Sadie Plant on Fernand Braudel's Civilisation materielle et capitalisme, 1400 1800 .
In 1950, Fernand Braudel embarked on what was to become a long, intense, and convoluted journey. Wandering among the streets, typefaces, doorframes, foodstuffs, intoxicants, metals, banknotes, and trade fairs of several cultures and centuries, he spent 25 years adrift in seas of detailed material and often "despaired of reaching the harbour", as he writes at the end of his voyage.
And yet, by the end of Civilisation materielle et capitalisme, 1400-1800 and almost as if by accident, Braudel and his readers find themselves on a remarkable shore.
From here, much contemporary theory and intellectual chat about markets, capitalism, and globalisation looks woefully inadequate, scandalously ideological, and painfully idealist. By making a clear and powerful distinction between capitalism and markets, Braudel is able to ask some unprecedented questions about the dynamics which feed into the emergence of market economies and the development of capitalism. In short, his interest simply lies in the complex question of how the system works.
In opposition to much of the rhetoric of political economy and its critique, Braudel sees an anarchic dynamism in markets and the material culture from which they emerge. Contra Raymond Williams, there is nothing ordinary about Braudel's conception of culture, which presents itself as a teeming zone overflowing with magnificent detail and fantastic complexity. Nor is there anything linear about his history, which is more akin to the discontinuous multiplicities of leaps, jumps, anticipations and sideways moves which populate much of Michel Foucault's work. He is more materialist than some Marx and most Marxists, and he discusses his work and throws out ideas with a candour rarely encountered in the academic world.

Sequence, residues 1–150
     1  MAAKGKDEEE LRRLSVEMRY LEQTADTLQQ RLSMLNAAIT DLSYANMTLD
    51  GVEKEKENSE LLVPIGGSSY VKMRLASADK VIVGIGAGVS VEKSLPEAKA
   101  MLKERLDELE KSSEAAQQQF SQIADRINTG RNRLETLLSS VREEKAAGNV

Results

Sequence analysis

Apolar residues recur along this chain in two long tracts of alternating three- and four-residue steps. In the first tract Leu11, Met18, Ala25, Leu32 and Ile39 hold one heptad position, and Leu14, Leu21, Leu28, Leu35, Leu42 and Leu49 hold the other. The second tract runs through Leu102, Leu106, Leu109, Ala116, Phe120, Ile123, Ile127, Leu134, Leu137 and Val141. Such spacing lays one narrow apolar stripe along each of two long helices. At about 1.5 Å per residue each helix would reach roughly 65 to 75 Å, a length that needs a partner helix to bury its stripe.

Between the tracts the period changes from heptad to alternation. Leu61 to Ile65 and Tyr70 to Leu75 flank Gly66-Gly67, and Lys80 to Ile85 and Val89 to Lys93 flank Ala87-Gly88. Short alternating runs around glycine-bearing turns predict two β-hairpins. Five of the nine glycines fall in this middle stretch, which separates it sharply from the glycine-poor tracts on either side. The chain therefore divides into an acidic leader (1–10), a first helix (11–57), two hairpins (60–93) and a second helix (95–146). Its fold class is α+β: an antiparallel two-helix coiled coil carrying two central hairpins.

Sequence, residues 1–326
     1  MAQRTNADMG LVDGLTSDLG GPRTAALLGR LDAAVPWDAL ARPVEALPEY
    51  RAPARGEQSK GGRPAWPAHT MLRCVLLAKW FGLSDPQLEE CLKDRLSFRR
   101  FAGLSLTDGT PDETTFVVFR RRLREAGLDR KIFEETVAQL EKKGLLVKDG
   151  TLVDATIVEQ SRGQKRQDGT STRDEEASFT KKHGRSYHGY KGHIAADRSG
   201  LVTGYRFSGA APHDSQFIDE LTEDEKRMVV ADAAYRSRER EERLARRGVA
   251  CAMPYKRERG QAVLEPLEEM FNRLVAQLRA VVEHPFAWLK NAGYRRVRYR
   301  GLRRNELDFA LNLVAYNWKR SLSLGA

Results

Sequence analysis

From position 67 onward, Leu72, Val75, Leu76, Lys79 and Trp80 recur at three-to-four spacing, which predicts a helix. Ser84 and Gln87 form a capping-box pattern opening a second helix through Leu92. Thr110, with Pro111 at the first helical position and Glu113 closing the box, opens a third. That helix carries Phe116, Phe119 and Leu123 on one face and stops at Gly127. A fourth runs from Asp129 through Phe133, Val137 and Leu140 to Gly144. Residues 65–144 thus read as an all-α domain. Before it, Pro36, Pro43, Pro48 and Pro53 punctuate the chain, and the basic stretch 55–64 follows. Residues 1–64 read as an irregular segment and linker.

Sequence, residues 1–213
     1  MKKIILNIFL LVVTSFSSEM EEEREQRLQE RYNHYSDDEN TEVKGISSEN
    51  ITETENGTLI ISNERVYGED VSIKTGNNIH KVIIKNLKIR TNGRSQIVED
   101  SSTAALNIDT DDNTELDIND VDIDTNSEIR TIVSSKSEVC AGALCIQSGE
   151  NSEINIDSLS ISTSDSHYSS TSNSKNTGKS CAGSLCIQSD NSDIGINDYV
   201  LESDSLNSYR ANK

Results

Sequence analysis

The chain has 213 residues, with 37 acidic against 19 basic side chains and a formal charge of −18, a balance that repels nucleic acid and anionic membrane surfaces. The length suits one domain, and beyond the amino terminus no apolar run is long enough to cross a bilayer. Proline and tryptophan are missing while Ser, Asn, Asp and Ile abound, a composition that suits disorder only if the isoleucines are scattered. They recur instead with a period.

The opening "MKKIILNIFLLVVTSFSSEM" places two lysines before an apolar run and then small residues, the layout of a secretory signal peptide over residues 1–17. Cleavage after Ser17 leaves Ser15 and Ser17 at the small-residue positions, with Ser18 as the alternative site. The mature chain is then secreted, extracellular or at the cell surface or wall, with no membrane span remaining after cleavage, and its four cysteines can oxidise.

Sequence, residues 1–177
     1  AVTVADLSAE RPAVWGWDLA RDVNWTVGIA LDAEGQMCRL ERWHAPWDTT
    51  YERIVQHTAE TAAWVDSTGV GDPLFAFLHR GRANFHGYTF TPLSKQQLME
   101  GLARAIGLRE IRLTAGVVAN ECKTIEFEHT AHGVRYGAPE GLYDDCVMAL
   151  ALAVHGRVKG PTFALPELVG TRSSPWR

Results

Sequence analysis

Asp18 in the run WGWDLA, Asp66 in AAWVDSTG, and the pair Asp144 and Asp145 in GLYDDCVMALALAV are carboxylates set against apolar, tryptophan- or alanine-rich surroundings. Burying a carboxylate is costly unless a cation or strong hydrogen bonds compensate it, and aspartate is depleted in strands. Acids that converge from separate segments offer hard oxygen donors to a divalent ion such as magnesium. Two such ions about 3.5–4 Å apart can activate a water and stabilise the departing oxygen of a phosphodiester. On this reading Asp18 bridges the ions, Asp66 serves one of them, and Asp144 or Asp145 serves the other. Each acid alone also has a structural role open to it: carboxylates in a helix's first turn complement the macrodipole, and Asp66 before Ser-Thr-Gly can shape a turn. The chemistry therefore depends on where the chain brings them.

But the currency of Braudel's research is more than a matter of academic interest. There is no shortage of urgent matters to which Braudel's intelligence provides some vital keys. The decline of the nation state, the crisis of modern capitalism and its bourgeois managers, geo-political disorder and the shift from Atlantic to Pacific capital, the increasingly wayward and autonomous flows of people, goods, materials and cash currently in motion across the world . . . to name a few. Braudel's anti-capitalist, anti-socialist, pro-market thesis has its problems, but it is a dramatic advance on the impoverished handwringing rhetoric of those who hanker for the days when centralised planning, communitarian cohesion, national security and happy families had not yet become impossible dreams.
Besides the scrumptuous detail and the fluent prose, it is Braudel's simple interest in how economies work which is the most striking aspect of these books. He may have his opinions about what should be happening or what would be nice, but he also has few illusions about the minor role such judgement plays in the tangled webs of material life. This alone makes him a pleasure to read.
Sadie Plant is a research fellow, University of Warwick.